Teaching English Language Learners: What Seems to Work in American Public Schools

Kate Menken kmenken at gc.cuny.edu
Tue Jul 22 18:31:09 UTC 2008

I have just posted the following response to this blog entry in response to
Goldenberg's article:

I agree with you that this is a seminal article, and worth reading. A few
responses to your blog posting: First, the author is actually Claude
Goldenberg, not Claudine, and a man - he¹s a professor at Stanford

In answer to your question about why so many ELLs are US-Born: The majority
of ELLs are elementary students. Most of these students come from immigrant
households where a language other than English is spoken. Thus they had
limited or no exposure to English prior to arriving to school. However there
are also US-Born ELLs at the secondary level. I have just completed a study
of Œlong-term¹ ELLs together with a team at the Research Institute for the
Study of Language in an Urban Society at the CUNY Graduate Center, and we
found that the majority of US-born students in our sample had not actually
been in the US consistently. Rather, they had regularly moved back and forth
between the US and their country of origin. Of those educated mainly or
entirely in the US, we found that the students had not received the
opportunity to develop literacy skills or Œacademic English¹ in their native
language, which Goldenberg notes is critical for acquiring literacy in
English, because they had moved in and out of bilingual education, ESL and
mainstream classrooms (thus their schooling in this country has been
--Kate Menken

Kate Menken
Assistant Professor of Linguistics
Research Fellow, Research Institute for the Study of Language in Urban
Society, CUNY Graduate Center
    e-mail: kmenken at gc.cuny.edu
Queens College Department of Linguistics
    e-mail: kmenken at qc.cuny.edu
Website: http://web.gc.cuny.edu/Linguistics/people/menken
On 7/22/08 12:55 PM, "Harold Schiffman" <hfsclpp at gmail.com> wrote:

> Teaching English Language Learners: What Seems to Work in American
> Public Schools
> Do English language learners, or English as a Second language
> students, learn better in sheltered programs? Should students receive
> some instruction in their native language ­ and if so, for how long?
> Are there clear differences to effectively write and speak fluently?
> Teaching Language Learners: What the Research Does ­ and Does Not ­
> Say , a 19- page article published in American Educator attempts to
> summarize current studies, detail the differences between studies, and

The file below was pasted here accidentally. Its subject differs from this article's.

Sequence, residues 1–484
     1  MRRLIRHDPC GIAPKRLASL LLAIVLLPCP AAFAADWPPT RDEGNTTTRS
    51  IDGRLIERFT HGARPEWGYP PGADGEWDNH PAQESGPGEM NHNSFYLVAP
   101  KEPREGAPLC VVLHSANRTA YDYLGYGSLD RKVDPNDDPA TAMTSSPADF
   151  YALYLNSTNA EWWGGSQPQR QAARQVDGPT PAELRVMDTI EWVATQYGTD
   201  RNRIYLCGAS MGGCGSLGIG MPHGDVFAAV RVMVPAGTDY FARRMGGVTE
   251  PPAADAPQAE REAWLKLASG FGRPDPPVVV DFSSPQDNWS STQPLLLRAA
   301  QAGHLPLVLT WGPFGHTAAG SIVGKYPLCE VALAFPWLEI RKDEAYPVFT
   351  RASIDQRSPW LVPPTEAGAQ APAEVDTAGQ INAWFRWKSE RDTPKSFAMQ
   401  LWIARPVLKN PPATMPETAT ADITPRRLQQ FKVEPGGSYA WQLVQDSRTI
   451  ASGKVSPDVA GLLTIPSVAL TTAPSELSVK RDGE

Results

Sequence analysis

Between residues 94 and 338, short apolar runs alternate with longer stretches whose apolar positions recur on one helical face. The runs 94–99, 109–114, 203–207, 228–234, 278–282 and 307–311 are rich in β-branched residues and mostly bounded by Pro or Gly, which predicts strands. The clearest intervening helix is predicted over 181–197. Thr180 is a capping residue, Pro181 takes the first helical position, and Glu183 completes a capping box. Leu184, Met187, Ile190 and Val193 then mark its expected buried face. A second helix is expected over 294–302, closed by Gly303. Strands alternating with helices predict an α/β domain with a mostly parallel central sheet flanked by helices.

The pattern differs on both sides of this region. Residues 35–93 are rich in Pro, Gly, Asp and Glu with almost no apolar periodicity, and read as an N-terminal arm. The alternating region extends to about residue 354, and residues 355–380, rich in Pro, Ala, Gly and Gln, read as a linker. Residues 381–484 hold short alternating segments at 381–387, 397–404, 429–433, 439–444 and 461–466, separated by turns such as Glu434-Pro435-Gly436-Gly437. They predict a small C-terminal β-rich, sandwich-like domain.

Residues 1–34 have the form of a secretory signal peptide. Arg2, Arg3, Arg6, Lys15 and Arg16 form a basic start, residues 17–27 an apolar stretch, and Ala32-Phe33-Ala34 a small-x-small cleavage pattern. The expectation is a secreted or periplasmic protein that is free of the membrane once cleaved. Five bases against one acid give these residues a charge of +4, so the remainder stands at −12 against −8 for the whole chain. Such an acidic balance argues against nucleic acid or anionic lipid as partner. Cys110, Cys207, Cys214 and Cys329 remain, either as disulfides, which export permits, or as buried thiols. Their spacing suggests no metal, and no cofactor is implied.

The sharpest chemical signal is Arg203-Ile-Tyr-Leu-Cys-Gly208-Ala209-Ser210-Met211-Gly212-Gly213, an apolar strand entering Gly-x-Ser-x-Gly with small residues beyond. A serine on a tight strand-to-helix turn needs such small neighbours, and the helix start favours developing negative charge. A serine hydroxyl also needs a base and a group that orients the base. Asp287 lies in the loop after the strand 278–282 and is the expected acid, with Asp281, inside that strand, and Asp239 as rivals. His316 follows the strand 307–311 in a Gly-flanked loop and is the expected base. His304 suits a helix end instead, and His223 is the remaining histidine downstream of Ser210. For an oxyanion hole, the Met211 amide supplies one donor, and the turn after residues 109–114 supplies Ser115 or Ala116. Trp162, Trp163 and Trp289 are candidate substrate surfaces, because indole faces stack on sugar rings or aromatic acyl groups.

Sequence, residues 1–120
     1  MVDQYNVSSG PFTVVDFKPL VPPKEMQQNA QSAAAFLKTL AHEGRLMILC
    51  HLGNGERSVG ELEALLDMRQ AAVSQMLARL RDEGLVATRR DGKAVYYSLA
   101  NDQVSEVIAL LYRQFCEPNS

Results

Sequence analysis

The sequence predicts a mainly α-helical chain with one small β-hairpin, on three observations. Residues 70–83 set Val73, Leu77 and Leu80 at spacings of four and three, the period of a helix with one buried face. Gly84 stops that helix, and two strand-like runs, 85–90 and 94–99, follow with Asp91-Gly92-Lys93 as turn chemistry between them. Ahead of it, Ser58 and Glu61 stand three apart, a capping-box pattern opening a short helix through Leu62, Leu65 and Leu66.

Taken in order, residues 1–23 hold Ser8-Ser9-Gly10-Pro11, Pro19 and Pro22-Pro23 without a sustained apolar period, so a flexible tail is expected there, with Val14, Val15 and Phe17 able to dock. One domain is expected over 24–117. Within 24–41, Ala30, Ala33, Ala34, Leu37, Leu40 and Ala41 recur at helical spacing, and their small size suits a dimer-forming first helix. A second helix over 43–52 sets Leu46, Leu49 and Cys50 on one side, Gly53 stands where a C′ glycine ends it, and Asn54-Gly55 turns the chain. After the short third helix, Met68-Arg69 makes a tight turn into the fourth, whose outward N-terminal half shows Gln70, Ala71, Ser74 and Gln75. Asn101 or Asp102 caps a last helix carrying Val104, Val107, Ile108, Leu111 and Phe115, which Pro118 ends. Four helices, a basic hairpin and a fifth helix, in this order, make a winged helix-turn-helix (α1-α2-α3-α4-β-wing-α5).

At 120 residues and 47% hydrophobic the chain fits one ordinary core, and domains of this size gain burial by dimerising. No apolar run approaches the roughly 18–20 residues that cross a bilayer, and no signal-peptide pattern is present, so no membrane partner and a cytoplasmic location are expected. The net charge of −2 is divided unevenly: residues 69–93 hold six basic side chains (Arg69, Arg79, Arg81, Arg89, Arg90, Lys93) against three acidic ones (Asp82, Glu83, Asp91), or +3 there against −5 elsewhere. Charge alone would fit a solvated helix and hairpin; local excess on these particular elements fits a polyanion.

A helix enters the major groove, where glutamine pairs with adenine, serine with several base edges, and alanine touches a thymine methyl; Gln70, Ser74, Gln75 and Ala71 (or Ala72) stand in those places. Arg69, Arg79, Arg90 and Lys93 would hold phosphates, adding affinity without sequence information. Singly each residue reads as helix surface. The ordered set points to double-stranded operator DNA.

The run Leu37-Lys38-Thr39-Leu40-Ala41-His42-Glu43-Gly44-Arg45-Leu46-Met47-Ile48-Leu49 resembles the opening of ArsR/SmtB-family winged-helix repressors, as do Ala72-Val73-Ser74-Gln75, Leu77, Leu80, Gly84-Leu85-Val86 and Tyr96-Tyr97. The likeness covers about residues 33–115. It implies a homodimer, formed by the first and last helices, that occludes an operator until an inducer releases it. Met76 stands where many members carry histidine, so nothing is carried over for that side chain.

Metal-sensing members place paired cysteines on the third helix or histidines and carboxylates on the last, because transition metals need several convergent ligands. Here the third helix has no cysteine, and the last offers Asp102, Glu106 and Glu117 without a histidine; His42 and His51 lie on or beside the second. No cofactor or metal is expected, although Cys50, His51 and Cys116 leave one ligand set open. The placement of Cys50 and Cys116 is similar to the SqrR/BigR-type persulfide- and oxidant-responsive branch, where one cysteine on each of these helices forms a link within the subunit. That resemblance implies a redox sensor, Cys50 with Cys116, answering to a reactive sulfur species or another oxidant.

> introduce a more nuanced language to a very passionate debate.
> Claudine Goldenberg, the author, writes in a clear, accessible style ­
> and explains various bureaucratic jargon as she goes reviews the
> material. This article, written for American public education teachers
> in a union publication, deserves a large readership.
> The article made numerous important points, including:
> - the rapid growth of English Language Learners (ELL) students in
> public schools;
> - a majority of ELL students are actually born in the United States (Why????);
> - smaller class sizes matter;
> - some intensive instruction in the primary language, for an unknown
> duration, helps improve target language abilities in writing;
> - huge debate continues over best practices over duration and purpose
> of primary language instruction;
> - teaching English language learners from countries with low literacy
> than teaching students who bring strong academic skills in their
> native language (shock, shock!)
> - written skills remain far below national standards, especially in high
> school;
> - oral skills often lack written skills in ESL/ELL students;
> - students have difficulty moving from intermediate oral skills to
> achieving actual fluency;
> - standard tests seldom test oral skills, leading to speaking skills
> being somewhat neglected in ESL/ELL classrooms.
> Personally, I found the first two pages a bit annoying with its
> predictable complaints implying the impossibility of a second grader,
> particularly an ELL second grader, learning everything that is
> expected by state mandates. Yet when Goldenberg moved beyond the
> predictable "union" frame "our impossible job" and actually starting
> summarizing two major meta-studies of ELL practices, she provided a
> balanced, informative, and level-headed article filled with
> illuminating details.
> As an adult educator, I also thought the article made a powerful
> argument for a huge expansion and deepening of adult education
> programs if a solid majority of ELL students are actually born in the
> United States. Why should millions of children born and raised in the
> United States be unable to speak English? If you believe that speaking
> English helps students live in the United States and language and
> culture are related, then this article provides a litany of troubling
> details about the state of ELL instruction and public education
> programs in general.
> I strongly urge ELL and ESL instructors to read the long, ambitious,
> and satisfying article. It may become a seminal work in MA programs
> for ESL teachers, especially for people working in American public
> schools. 
> http://www.aft.org/pubs-reports/american_educator/issues/summer08/goldenberg.p
> df
> This sometimes ugly debate over language policy will probably heat up
> as McCain and Obama attempt to make distinctions in their immigration
> and education policies. Perhaps this article will help clarify the
> complicated issues that go beyond bumpersticker solutions.
> http://compellingconversations.com/blog/?p=41

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